Dear Omega, Bring Back The Dynamic
The Dynamic might not be the first watch that comes to mind when asking for a re-edition. As a matter of fact, it might not even be “a watch” to most, except for maybe the vintage guys. And even some of THEM raise an eyebrow when I sport my beloved Dynamic. Yet, this watch has so much character, it’s incredible. I’m fairly sure Omega will never bring back the Dynamic, but one can dream.
To be clear, when I say Dynamic, I do not mean the models from the ’90s. Rather, I’m talking about the oval, funky, two-tone models with the quirky strap system. They’re fun, cheap, and wear fantastically!
While the Omega Dynamic came to the market in the late ’60s, most of us consider it a typical, funky ’70s watch. Granted, the model reached its peak during the 1970s and quickly became a successful model line for Omega. Its designer Raymond Thévenaz aimed to develop a timepiece that sat comfortably on the wrist. For this, Thévenaz studied human anatomy paying close attention to the wrist in particular. The name, Dynamic, came from the aerodynamic shape of the watch as it sits on the wrist. Although the Omega Dynamic had a great run, the model went out of production in 1977. Despite its relatively short life span, the vintage market is still flooded with both men’s and women’s Dynamic models. Thanks to its colorful straps and dials, the watch looks as contemporary today as it did five decades ago. And this, dear readers, is why it has to come back.
Color, colors, and more colors
One of the most prominent trends of this year is colorful watches. Although it has been a thing for quite a while now, it seems that in 2022, more and more brands from Sinn to Oris want to take a piece of this cake. Back in the ’70s, the Dynamic was one of the most fun and colorful watches in the already versatile Omega lineup. To begin with, the dials were mainly two-tone blue and white. But we can find examples with red, gray, green, or even white racing-type executions. In terms of materials, steel, gold-plated, and solid gold cases were all part of the lineup. Imagine having a new Dynamic with these bold and vivid colors on the dial, perhaps with even more contemporary tones like aquamarine or yellow. Let’s put them in titanium or steel cases and create a Sedna Gold version for the aficionados.
As far as the size goes, the Dynamic is already perfect. The oval case is wide at 41mm, but it’s not tall and sits perfectly on the wrist thanks to its ergonomic shape. Still, I feel that if Omega wanted, the brand could add a few millimeters to its size to make it more contemporary. A stainless steel case is a go for any watch, and titanium could help the weight issue if the case gets a size upgrade. Not that it needs one, but the Dynamic is as light as it gets, even with its automatic movement. While I’m not a gold-watch type of guy, I’m sure the Sedna Gold Dynamic would be a hit, particularly on the bracelet.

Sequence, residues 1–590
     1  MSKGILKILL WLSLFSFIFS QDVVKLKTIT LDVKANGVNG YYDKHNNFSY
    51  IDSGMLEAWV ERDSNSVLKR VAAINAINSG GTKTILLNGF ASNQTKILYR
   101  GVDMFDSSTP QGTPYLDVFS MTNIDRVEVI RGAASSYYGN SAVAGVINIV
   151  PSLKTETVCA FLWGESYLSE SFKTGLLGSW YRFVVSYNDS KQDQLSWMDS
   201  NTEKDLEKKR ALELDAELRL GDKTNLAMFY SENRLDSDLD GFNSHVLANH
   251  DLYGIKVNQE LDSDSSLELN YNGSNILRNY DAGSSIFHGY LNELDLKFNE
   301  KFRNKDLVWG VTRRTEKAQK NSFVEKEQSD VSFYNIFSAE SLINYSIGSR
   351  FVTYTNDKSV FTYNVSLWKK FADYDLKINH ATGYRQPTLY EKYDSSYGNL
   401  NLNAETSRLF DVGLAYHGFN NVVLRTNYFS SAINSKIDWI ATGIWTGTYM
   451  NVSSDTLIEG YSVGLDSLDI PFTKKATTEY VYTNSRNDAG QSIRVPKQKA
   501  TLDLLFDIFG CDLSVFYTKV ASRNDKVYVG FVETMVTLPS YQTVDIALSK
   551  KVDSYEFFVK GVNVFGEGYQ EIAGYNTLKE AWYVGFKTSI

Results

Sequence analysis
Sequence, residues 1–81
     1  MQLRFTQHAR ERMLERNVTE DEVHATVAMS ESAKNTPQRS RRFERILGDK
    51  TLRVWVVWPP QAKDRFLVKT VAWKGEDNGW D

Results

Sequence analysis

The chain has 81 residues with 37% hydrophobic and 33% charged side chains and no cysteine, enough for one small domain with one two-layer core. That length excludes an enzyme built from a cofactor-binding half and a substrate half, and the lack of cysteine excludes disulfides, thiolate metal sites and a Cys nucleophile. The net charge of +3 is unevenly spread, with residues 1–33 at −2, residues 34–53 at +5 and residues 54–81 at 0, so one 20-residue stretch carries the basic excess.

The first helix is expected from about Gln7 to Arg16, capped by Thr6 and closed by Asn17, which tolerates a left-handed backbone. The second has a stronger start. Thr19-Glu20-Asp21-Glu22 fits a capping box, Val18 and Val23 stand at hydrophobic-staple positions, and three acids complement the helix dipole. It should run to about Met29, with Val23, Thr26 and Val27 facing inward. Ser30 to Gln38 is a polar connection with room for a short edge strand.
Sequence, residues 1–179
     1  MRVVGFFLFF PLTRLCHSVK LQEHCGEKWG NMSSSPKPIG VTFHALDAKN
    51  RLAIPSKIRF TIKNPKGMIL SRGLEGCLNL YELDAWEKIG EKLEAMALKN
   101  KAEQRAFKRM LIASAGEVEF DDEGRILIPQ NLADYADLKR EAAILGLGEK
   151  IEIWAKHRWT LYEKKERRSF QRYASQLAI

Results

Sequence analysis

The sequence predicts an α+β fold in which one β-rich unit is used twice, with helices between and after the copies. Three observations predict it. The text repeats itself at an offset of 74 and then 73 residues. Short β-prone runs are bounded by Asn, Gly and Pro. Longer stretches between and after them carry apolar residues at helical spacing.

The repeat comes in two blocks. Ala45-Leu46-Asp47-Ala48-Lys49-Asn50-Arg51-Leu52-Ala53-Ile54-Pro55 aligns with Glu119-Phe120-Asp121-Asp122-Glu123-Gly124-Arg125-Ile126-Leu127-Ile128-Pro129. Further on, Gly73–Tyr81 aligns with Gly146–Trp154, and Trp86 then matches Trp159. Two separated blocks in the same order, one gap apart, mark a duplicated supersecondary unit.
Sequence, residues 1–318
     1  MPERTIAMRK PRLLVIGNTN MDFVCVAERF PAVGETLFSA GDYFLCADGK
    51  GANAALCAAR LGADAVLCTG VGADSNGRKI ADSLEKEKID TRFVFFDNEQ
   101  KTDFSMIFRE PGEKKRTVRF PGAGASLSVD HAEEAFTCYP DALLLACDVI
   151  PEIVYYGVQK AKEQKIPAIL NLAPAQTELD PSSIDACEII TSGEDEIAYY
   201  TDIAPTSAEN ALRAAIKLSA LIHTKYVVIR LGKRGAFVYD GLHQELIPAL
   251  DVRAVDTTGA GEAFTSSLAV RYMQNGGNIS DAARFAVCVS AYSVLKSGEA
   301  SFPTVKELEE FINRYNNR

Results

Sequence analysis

Speaking of bracelets, the ingenious feature of the vintage Dynamic was its strap/bracelet swap system. You could change between a steel bracelet or a leather strap in a matter of seconds. Every Dynamic has a retainer ring on the case back. By unscrewing this ring with a tool provided by Omega (although it works with any standard case back tool, too), you could remove the bracelet and add a leather strap to your watch. Omega released numerous colorful strap options. Black, blue, green, red, and yellow were all part of the collection, both in perforated or suede leather. Some models even had a unique metal ring with four lugs so you could attach any regular 20mm strap to your beloved Dynamic. It was one watch with endless options for straps or bracelets. Isn’t this how some brands try to market their timepieces these days? Omega could definitely bring this back.
His and hers
The Omega Dynamic came to the market in two sizes back then. The gents’ version was about 41 × 37mm, while the ladies’ version was much smaller at 30 × 25mm. Aside from that, the latter looks and functions exactly like a men’s watch. It also had the same case shape, dial color, and retainer ring system. I know it’s not “woke” in 2022 to call them “men’s” and “women’s” models, so let’s say there is an option to recreate the Dynamic in a larger and smaller size. Whether you want one for your wife, your child, or even yourself (if you have a smaller wrist) is up to you. Omega would need to work on the sizes again, but that should not be an issue.
Things to correct
Many watchmakers complained that the way the Omega Dynamic opened was far from efficient. Due to the retainer ring on the back, we had a monocoque case, meaning that there was no case back to open. The watch was a front loader; you had to remove the crystal to access the movement from the dial side. Nowadays, NOS crystals are hard to come by. Often, when the watchmaker blew pressurized air in the case to pop the crystal off, the little flaps that held the glass in place would break off. Furthermore, to get access to the case, the technician would need to pull out the crown, which damaged the stem or even the movement itself from time to time. Yet, I believe that these are issues that shouldn’t be a problem for Omega to tackle today.
I love my vintage Dynamic. As quirky as it may look, it is a super comfortable watch. Thanks to the clever strap-changing options, styling the watch to different outfits or seasons is no issue. After many years, the watch still runs within eight seconds per day, and the date is often a helpful feature as well. So please, Omega, bring back the Dynamic — and send me one in Sedna Gold for a review. Thank you!